Earlier this year I wrote two articles, archived here and here, about the likely impact and consequences of policies that encourage conversion of pastoral land to forestry. I was particularly concerned about the actions and power of foreign investors, and the associated transformation of better-quality land.
My concern was not because of any fundamental objection to foreign investment to deal with shortages of investment capital in our economy. My concern was because of the sheer scale and power of overseas investors under current policies to change irrevocably the New Zealand landscape.
The responses I received indicated that I had indeed struck on a chord of concern and unease as to what we were doing to ourselves.
I also had both oral and email conversations with one person who has influence in the Wellington corridors of power. This person is listened to very carefully by Government when it comes to issues of forestry, the environment, climate and natural resources. This person told me I was wrong.
This counter view, as I interpret it, has two elements.
The first element is that we must plant lots more trees to show the world we are doing our part in relation to the Paris Climate Agreement. The Billion Trees Program is just the start. There is, so the argument goes, no other way to meet these commitments with present technology. Supposedly, it has to happen, no ifs and buts.
The second element to the argument is that the amount of pastoral land being converted to forestry by overseas entities is not large. Associated with this perspective, the loss of pastoral export opportunities from converting pastoral land to forestry is simply the way things have to be.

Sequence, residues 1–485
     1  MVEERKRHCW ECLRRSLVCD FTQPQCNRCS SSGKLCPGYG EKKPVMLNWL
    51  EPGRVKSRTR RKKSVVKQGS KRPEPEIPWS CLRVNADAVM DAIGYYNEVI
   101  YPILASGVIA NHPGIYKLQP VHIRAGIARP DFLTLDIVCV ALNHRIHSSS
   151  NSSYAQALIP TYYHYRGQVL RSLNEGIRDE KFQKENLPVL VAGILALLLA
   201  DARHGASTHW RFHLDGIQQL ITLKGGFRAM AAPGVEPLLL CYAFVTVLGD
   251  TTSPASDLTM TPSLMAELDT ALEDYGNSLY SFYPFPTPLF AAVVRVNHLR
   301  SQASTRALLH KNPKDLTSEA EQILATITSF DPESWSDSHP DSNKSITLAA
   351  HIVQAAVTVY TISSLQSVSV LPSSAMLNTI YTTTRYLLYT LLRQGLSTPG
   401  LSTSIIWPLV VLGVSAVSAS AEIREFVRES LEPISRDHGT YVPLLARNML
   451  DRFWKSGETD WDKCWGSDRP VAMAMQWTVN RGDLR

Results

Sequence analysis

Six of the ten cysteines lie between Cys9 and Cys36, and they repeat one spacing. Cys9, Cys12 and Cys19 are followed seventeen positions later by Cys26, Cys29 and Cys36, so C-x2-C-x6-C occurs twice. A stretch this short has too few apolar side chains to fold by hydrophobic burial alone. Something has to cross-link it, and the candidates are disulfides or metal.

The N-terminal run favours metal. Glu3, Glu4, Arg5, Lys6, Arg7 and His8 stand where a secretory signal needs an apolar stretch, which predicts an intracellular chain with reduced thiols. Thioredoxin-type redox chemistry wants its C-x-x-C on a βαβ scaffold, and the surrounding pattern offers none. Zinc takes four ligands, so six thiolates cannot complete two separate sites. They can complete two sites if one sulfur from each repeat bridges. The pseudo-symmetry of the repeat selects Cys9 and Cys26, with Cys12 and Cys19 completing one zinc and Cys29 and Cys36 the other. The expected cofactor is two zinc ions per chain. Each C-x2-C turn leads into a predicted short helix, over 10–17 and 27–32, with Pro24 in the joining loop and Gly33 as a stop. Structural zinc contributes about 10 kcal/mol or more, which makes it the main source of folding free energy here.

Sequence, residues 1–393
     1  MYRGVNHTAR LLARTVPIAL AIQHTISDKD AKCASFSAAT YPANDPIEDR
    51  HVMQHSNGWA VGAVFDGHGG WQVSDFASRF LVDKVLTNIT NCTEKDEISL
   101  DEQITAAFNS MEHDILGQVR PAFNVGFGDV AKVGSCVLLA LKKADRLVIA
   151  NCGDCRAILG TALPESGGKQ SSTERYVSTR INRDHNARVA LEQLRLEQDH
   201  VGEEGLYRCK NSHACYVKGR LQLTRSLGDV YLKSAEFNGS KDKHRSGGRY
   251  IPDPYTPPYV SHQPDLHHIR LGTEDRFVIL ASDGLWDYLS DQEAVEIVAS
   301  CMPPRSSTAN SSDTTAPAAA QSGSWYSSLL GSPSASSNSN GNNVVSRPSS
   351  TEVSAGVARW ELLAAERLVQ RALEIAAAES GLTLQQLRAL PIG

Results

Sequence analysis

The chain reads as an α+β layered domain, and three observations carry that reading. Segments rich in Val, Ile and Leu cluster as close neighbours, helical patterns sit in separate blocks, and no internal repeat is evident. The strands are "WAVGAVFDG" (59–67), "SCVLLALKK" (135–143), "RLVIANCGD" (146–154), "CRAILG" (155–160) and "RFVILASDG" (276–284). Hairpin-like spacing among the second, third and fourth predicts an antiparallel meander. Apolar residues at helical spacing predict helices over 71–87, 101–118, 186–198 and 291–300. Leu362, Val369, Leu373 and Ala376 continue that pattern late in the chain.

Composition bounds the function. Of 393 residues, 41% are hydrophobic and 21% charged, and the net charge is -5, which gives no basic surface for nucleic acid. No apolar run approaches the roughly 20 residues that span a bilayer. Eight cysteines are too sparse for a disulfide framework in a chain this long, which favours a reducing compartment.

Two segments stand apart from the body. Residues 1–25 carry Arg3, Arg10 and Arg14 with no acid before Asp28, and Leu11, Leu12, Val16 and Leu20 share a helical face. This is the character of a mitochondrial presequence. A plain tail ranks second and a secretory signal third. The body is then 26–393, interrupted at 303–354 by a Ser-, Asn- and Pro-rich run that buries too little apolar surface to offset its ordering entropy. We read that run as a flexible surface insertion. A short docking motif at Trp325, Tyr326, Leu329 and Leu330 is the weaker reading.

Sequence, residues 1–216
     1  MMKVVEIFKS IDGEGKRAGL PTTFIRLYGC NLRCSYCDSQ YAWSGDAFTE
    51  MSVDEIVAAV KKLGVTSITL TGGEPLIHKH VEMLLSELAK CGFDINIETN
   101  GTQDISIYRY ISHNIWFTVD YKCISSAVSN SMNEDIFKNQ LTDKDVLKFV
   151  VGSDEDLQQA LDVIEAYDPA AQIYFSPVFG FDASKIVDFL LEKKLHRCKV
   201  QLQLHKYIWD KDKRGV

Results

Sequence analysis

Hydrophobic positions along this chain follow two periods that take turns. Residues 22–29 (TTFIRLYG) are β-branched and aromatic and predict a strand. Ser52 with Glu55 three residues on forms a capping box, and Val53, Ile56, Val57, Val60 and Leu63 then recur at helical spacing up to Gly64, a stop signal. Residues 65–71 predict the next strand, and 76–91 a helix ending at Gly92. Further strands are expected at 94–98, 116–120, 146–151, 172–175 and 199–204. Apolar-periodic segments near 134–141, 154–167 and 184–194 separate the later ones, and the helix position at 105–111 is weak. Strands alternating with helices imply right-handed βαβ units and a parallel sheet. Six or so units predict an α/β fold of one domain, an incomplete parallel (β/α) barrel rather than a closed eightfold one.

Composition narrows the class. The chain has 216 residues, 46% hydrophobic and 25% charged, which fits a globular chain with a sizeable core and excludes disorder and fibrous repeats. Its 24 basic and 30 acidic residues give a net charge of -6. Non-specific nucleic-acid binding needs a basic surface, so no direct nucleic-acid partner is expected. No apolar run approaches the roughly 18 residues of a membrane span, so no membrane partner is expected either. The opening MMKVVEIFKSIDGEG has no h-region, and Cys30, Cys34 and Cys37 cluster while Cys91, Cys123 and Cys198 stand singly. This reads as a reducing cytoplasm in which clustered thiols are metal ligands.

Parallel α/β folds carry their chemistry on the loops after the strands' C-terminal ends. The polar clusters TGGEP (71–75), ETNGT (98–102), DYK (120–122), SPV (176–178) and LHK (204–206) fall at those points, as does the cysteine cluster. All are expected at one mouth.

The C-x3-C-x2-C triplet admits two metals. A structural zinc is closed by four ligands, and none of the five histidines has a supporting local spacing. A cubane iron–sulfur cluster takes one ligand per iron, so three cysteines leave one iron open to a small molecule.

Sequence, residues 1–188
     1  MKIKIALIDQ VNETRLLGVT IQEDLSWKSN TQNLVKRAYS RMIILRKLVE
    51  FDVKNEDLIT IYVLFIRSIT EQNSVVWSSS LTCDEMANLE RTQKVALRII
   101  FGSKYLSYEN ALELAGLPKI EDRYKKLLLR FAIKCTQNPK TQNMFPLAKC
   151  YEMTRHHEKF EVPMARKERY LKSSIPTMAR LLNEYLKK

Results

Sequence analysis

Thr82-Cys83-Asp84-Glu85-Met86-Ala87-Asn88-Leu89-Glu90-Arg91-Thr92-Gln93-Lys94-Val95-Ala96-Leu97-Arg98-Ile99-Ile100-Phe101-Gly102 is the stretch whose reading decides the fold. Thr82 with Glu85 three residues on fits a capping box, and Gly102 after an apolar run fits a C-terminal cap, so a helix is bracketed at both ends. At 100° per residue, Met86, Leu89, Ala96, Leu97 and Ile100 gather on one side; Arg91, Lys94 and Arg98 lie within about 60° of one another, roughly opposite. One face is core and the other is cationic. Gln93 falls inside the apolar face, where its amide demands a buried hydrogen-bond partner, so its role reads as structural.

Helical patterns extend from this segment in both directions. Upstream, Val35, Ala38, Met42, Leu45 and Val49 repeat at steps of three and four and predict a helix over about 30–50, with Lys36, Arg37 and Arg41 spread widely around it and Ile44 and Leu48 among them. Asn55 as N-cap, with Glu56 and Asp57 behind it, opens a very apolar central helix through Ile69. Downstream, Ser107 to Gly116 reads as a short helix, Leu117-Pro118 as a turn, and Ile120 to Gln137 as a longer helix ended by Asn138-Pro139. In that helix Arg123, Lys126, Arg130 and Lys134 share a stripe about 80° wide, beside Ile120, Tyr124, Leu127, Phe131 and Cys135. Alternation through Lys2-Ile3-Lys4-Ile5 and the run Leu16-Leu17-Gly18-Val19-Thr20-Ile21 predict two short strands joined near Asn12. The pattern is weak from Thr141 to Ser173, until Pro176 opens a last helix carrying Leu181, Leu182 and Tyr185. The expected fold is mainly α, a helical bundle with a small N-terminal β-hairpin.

In this article, I focus only on the second element. The reason for doing this is to lay out more of the current evolution and consequences of going down the forestry-conversion path.
If those consequences are sufficiently great, then perhaps we need to look again at other alternatives that might meet our self-imposed Paris commitments. Alternatively, the target of absolutely zero net emissions might indeed be a step too far.
However, those issues are consequential and are issues for another article. First, we need to identify the impacts of pastoral land conversion.
We have no real-time estimate of the total amount of pastoral land being converted to forestry. This is because New Zealand investors do not need to advise anyone of what they are doing.
In contrast, overseas forestry investors need approval from the Overseas Investment Office (OIO) but it is a truncated process designed specifically for forestry. The key requirement is the ability to demonstrate good character and capability. It is not necessary to demonstrate benefit to New Zealand.
In the short term, it is the overseas investors who have the potential to change the pastoral landscape with a forestry tsunami. They are the ones with the capital. Hence, for the immediate future, the focus needs to be on overseas investors as the sharp end of what threatens to be a broader landscape transformation. That broader transformation is planned to encompass some millions of hectares over the next thirty years.
Back in August 2019, the influencer that I referred to in earlier paragraphs pointed out to me that, since the new investment rules of October 2018, the OIO approvals for converting pastoral land to forestry were for only 3200 ha. I cannot argue with that. I am sure his figures would be correct.
However, relying on such figures is like driving by looking in the rear-vision mirror. I am much more interested in the current position and the path ahead.
If we had been able to look ahead at that time, just three months ago, we would have seen a rapidly changing situation. As a consequence, we can now see considerably more approvals showing up in the rear-vision mirror.
As of 31 October 2019, the 12-month approvals for conversion of farmland to forestry have increased to 14,300 hectares.